Accelerated curing systems, such as infrared (IR) curing technology, enable body shops and collision repair centers an opportunity to reduce cycle time and increase overall throughput. IR curing systems are either electric- or gas-powered. The basic differences between gas and electric dryers are how they generate energy and the IR wavelengths they produce, which determine how efficiently the systems cure coatings and impact the overall quality of the repair.
Benefits of Short Wave Electric IR
REVO Accelerated Curing Systems from Global Finishing Solutions (GFS) use short wave infrared curing technology to cure up to three layers of coatings quickly from the inside out. Short wave IR penetrates directly to the underlying substrate and then directs heat outward — delivering a consistent, controlled heat to each layer of the filler or coating.
Although REVO Systems use primarily short wave IR, they also produce some medium waves, which work together to create an even, complete cure with just one pass, without skinning or solvent popping the top layer.
Gas catalytic IR systems produce medium and long waves. Since these longer waves do not penetrate to the substrate, the exterior layer of the coating dries before the interior layers do. This can result in skinning or solvent popping, and it is especially common when curing thicker coatings with gas catalytic systems. For a proper cure with gas catalytic systems, multiple passes of the unit over the area being cured is required for each layer of a coating. In addition to the extra time needed, there are also quality issues that can occur due to the curing method.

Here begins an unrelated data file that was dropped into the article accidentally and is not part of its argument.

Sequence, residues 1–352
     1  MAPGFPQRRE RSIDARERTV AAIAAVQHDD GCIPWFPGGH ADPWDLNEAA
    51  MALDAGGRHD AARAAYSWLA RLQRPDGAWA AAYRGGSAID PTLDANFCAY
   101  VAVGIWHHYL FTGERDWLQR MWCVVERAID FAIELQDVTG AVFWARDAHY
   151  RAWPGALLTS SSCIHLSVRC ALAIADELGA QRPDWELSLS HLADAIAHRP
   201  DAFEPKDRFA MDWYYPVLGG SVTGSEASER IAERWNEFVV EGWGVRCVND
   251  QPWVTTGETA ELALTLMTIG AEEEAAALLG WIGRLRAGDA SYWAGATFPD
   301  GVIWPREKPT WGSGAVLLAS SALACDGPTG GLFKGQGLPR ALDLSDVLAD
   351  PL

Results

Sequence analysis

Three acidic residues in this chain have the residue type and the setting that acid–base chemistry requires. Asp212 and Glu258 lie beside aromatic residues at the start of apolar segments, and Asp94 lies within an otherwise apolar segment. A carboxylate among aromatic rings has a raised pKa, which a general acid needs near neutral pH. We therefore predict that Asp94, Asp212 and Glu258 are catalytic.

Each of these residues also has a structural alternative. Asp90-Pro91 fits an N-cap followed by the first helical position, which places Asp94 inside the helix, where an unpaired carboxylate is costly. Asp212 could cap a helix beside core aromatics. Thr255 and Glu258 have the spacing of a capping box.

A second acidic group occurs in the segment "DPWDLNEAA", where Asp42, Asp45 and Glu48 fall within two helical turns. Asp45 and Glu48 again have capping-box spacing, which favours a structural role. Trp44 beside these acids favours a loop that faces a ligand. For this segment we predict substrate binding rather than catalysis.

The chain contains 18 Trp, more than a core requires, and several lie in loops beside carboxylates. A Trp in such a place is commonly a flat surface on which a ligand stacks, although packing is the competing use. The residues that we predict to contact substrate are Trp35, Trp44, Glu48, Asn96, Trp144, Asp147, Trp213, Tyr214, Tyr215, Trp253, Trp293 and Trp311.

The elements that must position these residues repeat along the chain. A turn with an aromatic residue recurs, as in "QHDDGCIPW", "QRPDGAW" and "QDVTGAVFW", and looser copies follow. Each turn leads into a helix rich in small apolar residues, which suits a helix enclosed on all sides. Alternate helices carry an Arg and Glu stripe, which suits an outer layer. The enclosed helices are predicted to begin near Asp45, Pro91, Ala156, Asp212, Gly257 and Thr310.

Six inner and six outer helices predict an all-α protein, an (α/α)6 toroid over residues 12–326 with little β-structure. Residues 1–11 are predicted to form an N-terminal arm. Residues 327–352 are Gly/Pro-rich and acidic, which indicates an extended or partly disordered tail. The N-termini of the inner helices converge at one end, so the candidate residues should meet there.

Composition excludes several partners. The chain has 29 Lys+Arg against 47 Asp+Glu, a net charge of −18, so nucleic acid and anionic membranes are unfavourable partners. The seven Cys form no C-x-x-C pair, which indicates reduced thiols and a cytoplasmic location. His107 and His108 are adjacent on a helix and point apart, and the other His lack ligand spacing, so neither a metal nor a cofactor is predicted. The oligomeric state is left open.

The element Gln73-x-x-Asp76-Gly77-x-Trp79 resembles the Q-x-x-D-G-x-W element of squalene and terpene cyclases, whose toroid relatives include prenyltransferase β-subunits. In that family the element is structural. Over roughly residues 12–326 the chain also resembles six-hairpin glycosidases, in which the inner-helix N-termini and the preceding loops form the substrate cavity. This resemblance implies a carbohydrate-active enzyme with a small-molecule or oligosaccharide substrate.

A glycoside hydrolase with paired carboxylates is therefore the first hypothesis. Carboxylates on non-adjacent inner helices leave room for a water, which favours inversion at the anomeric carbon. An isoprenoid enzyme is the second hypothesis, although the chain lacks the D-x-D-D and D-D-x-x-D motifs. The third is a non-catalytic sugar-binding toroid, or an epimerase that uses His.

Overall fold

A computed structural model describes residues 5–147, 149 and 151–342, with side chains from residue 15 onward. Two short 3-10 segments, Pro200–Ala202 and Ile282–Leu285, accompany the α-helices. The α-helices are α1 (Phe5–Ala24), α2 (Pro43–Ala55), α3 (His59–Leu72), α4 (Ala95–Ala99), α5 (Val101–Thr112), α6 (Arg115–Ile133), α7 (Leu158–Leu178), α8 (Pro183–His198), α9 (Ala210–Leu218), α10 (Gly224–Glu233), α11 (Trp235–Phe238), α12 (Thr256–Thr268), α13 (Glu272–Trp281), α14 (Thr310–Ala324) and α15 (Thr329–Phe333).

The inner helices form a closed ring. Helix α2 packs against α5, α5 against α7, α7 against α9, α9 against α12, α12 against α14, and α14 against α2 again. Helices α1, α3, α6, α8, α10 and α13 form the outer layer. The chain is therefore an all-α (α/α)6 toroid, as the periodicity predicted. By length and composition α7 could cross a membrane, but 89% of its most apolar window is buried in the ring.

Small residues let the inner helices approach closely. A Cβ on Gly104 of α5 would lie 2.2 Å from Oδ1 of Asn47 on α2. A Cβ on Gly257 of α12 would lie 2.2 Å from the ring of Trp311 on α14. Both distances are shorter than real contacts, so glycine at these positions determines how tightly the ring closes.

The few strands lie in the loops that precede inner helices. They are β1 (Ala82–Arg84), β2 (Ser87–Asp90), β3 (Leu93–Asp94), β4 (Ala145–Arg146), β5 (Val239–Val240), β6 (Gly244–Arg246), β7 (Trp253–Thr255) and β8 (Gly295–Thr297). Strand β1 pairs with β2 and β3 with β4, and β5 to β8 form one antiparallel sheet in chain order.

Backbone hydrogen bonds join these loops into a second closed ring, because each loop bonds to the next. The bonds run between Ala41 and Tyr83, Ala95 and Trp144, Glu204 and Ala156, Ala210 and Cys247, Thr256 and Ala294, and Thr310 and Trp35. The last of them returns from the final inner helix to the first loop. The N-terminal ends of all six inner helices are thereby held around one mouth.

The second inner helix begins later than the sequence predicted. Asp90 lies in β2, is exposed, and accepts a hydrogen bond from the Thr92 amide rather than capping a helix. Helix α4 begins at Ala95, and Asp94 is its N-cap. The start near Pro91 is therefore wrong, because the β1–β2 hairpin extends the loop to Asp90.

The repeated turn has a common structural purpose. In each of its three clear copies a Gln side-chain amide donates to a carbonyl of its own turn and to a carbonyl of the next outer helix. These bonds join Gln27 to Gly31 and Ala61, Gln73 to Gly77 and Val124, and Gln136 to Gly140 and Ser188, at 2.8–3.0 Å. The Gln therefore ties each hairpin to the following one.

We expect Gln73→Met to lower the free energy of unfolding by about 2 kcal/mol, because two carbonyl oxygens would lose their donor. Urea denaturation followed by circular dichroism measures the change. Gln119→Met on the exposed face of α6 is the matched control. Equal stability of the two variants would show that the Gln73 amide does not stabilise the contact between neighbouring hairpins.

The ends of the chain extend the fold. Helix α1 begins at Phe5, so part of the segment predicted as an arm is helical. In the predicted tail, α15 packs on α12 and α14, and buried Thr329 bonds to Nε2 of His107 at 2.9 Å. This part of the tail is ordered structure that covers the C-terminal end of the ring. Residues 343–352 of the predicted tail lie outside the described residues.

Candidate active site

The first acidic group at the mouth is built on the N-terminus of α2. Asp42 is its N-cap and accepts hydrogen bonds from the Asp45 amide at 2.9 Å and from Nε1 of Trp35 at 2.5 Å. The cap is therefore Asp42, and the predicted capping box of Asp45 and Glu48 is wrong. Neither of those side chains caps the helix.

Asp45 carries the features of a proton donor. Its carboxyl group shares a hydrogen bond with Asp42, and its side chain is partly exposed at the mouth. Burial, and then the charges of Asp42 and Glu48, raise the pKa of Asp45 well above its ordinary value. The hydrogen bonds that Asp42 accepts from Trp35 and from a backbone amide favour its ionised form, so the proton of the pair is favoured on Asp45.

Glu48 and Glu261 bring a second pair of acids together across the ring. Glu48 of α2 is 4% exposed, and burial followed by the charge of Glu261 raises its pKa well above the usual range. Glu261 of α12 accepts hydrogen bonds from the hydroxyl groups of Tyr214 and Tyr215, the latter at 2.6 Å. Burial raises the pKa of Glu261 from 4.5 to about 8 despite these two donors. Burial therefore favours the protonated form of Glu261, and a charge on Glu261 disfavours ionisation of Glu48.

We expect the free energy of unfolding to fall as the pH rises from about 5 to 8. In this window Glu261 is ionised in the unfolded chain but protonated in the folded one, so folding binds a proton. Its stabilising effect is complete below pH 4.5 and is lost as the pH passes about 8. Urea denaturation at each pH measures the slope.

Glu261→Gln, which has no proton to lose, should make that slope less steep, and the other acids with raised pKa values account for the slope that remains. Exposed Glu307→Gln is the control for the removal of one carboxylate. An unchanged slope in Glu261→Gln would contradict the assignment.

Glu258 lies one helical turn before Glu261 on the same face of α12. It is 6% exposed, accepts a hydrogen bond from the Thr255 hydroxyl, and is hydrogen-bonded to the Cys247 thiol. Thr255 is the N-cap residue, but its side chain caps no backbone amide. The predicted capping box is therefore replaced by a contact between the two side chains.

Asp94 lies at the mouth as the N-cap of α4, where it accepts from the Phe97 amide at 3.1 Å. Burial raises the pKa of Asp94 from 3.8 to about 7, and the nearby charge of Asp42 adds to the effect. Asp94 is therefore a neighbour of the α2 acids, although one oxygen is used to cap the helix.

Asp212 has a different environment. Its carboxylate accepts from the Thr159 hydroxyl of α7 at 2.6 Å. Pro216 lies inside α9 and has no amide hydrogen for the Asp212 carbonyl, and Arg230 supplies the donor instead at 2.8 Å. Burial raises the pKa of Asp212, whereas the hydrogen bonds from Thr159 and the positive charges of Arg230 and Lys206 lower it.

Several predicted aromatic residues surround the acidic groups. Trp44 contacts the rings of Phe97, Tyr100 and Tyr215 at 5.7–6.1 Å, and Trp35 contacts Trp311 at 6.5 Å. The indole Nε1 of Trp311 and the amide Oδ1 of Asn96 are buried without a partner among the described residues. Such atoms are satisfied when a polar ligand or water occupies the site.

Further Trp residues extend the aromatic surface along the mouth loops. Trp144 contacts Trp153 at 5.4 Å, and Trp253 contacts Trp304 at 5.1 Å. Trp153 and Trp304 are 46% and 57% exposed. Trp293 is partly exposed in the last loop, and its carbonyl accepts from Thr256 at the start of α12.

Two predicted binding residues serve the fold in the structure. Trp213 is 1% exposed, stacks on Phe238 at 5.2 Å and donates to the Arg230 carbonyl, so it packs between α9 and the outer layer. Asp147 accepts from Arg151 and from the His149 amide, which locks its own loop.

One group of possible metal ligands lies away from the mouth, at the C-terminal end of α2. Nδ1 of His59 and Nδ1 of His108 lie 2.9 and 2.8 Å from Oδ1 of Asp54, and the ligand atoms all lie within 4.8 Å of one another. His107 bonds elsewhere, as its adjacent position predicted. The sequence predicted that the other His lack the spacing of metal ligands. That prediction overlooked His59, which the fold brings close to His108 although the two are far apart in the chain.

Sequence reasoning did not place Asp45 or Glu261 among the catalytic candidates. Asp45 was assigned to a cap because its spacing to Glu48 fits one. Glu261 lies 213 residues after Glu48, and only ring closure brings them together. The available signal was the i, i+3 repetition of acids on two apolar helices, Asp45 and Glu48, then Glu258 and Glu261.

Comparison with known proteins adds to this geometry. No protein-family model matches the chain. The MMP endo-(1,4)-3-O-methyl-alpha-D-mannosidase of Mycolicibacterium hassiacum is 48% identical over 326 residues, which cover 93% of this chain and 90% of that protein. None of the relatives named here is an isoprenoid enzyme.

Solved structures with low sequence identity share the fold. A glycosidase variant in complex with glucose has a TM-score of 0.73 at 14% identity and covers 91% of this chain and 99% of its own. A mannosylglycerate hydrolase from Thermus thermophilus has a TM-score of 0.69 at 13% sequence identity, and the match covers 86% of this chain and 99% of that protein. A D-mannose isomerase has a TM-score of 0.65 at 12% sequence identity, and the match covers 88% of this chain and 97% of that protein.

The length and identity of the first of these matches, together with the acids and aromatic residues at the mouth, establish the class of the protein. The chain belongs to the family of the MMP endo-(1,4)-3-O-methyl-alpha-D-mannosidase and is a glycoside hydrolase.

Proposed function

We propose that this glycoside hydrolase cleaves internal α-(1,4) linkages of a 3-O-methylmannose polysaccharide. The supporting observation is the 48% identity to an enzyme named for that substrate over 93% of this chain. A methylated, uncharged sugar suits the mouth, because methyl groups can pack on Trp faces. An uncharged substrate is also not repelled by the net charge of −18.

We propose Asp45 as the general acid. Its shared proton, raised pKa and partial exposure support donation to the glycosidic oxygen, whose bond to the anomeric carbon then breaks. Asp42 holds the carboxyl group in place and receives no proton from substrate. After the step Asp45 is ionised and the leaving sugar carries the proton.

Gas catalytic systems must be preheated to a very high temperature to function. This temperature is well above the boiling temperature of the chemicals used in body filler, which can lead to severe pinholing, bubbling or other failures in the body filler. Extreme care and caution must be taken when using gas catalytic systems.
Save Time and Energy
Short wave electric IR brings multiple layers of paint to curing temperature within seconds. With REVO Systems, a panel can be completely cured in less time than it takes to preheat gas catalytic units. Not having to cure each layer individually — and preheat the gas system each time — leads to significant throughput gains and energy savings for shops using short wave electric infrared curing technology.
Electric IR uses only the electrical power supplied in the shop, whereas gas catalytic systems rely on a catalytic chemical reaction to produce energy, as well as yearly checkups for potential cracks or leaks in the gas line. The gas catalytic reaction happens only after the units are preheated to a certain temperature — a process that takes 10 minutes or more. To prevent time lost to warm-up, gas catalytic units are typically left on all day, consuming a large amount of energy. Electric IR units use only 3 kw of power (at a cost of only 40 cents) for the entire repair process of a vehicle, while gas units use more energy than that just during the preheating phase.
Short wave electric infrared technology has been proven to provide significant energy cost savings, as well as throughput gains and quality improvements. It is no wonder that short wave electric IR technology is transforming collision repair shops across the globe. By offering a faster, more complete and predictable cure, REVO Systems from GFS provide significant energy savings and can eliminate a number of issues that challenge many body shops and collision repair centers and slow the drying and rework process.